4. Sewers shall be laid at least 10 feet horizontally from a water main. The distance shall be measured edge-to-edge. When local conditions prohibit this horizontal separation, the sewer may be laid closer provided that the water main is in a separate trench or an undisturbed earth shelf located on one side of the sewer and the bottom of the water main is at least 18 inches above the top of the sewer. Where this vertical separation cannot be obtained, the sewer shall be constructed of water pipe material in accordance with AWWA specifications and pressure tested in place without leakage prior to backfilling. The hydrostatic test shall be conducted in accordance with the most recent edition of the AWWA standard (ANSI/AWWA C600-82) for the pipe material, with a minimum test pressure of 30 psi.

5. Sewers shall cross under water mains such that the top of the sewer is at least 18 inches below the bottom of the water main. When local conditions prohibit this vertical separation, the sewer shall be constructed of AWWA specified water pipe and pressure tested in place without leakage prior to backfilling, in accordance with the provisions of this chapter. Sewers crossing over water mains shall:

a. Be laid to provide a separation of at least 18 inches between the bottom of the sewer and the top of the water main.

b. Be constructed of AWWA approved water pipe and pressure tested in place without leakage prior to backfilling, in accordance with the provisions of this chapter.

c. Have adequate structural support to prevent damage to the water main.

d. Have the sewer joints placed equidistant and as far as possible from the water main joints.

6. No water pipe shall pass through or come into contact with any part of a sewer manhole. Manholes shall be placed at least 10 feet horizontally from a water main whenever possible. The distance shall be measured edge-to-edge of the pipes or structures. When local conditions prohibit this horizontal separation, the manhole shall be of watertight construction and tested in place.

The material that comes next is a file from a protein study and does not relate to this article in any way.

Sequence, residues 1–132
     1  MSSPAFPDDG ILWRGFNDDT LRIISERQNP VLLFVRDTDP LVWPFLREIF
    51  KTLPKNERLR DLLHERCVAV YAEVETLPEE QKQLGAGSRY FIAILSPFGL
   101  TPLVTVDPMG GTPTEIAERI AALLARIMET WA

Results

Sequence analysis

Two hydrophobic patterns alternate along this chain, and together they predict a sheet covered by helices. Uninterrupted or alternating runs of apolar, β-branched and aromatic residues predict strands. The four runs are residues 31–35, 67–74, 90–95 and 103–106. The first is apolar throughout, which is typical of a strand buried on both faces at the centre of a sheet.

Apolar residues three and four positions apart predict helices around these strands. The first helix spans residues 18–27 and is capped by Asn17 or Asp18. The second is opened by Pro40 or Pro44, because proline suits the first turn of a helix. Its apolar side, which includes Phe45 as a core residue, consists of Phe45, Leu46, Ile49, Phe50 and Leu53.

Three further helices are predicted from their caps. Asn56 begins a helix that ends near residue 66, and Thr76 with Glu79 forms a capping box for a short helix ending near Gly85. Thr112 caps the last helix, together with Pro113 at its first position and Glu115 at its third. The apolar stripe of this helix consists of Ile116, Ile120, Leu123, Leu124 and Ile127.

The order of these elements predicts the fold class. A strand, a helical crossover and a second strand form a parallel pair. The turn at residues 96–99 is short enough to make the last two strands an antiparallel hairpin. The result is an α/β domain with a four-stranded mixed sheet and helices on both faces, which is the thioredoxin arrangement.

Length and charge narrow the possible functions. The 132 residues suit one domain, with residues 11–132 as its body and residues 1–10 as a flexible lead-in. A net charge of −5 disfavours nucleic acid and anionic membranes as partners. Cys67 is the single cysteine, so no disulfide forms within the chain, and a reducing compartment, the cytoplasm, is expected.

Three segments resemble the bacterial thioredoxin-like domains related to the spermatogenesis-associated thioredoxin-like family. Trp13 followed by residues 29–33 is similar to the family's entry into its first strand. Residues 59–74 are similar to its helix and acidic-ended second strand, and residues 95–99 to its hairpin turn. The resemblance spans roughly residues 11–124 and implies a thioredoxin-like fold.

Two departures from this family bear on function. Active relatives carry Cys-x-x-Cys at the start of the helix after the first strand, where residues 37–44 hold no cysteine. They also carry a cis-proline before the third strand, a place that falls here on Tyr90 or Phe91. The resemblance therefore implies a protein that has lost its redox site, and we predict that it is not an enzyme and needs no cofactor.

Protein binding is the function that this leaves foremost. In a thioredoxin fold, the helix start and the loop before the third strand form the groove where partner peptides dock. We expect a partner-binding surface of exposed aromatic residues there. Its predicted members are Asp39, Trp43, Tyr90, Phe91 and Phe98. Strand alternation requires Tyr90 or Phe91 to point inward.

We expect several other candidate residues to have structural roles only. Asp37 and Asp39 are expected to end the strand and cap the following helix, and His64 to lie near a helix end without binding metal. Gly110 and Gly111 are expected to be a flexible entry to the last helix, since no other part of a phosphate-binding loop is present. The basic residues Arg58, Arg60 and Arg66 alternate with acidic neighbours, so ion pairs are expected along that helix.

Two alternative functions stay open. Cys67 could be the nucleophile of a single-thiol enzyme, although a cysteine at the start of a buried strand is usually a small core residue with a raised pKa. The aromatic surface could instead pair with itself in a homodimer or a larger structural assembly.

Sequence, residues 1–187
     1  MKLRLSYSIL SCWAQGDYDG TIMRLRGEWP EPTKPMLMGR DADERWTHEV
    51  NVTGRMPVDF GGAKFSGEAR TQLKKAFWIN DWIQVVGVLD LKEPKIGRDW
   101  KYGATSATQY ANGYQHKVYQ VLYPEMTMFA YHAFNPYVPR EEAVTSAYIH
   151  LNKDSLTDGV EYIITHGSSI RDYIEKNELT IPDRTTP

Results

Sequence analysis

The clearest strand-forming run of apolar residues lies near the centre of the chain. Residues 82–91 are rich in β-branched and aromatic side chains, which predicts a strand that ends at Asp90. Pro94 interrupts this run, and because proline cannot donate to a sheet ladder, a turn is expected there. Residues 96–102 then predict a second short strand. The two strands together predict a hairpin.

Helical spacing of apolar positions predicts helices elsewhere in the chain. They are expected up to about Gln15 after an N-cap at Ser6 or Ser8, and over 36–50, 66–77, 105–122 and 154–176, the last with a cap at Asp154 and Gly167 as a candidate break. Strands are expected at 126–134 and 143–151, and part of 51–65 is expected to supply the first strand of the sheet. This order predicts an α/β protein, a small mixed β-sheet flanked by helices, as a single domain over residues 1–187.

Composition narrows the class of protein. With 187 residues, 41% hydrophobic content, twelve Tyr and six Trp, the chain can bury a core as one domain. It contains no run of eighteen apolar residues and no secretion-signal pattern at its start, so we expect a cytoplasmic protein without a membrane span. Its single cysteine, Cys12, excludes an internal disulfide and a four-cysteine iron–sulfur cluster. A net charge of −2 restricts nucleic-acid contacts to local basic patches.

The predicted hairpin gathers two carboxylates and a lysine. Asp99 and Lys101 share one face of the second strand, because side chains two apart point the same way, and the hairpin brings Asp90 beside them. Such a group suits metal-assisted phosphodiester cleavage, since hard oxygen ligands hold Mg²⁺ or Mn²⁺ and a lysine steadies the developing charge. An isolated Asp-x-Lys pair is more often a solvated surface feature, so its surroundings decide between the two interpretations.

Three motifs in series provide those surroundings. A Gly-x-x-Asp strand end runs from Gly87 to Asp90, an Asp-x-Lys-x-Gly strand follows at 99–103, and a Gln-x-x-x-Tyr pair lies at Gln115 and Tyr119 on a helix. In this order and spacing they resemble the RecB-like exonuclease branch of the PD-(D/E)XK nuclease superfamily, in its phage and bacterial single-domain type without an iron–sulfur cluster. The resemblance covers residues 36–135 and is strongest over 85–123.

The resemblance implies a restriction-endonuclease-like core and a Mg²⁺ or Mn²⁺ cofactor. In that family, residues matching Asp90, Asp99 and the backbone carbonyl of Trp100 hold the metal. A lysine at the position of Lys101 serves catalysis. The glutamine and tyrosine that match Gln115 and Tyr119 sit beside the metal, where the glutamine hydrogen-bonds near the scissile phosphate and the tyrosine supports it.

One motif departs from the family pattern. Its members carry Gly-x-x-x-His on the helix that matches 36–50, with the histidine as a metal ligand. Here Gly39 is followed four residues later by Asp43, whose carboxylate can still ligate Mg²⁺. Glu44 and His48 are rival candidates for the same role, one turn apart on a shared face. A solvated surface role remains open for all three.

Statutory Authority

§ 62.1-44.19 of the Code of Virginia.

Historical Notes

Former 12VAC5-581-420 derived from Virginia Register Volume 18, Issue 10, eff. February 27, 2002; amended and adopted as 9VAC25-790-360, Virginia Register Volume 20, Issue 9, eff. February 12, 2004.

9VAC25-790-370. System access.

Sewer location should be within streets, alleys, and utility rights-of-way. Approvals shall be obtained from the appropriate jurisdictions for placement of sewers within these boundaries.

Where it is impossible to avoid placing sewers (and manholes/cleanouts) on private property, the owner shall have recorded easements or have filed certificates of condemnation from all parties possessing or having legal interest in an adequate right-of-way necessary for proper installation, maintenance, operation, and removal of sewerage facilities. These easements shall include provisions for controlling the location of fences, buildings, or other structures within the easement and shall be shown on the plans.

Statutory Authority

§ 62.1-44.19 of the Code of Virginia.

Historical Notes

Former 12VAC5-581-430 derived from Virginia Register Volume 18, Issue 10, eff. February 27, 2002; amended and adopted as 9VAC25-790-370, Virginia Register Volume 20, Issue 9, eff. February 12, 2004.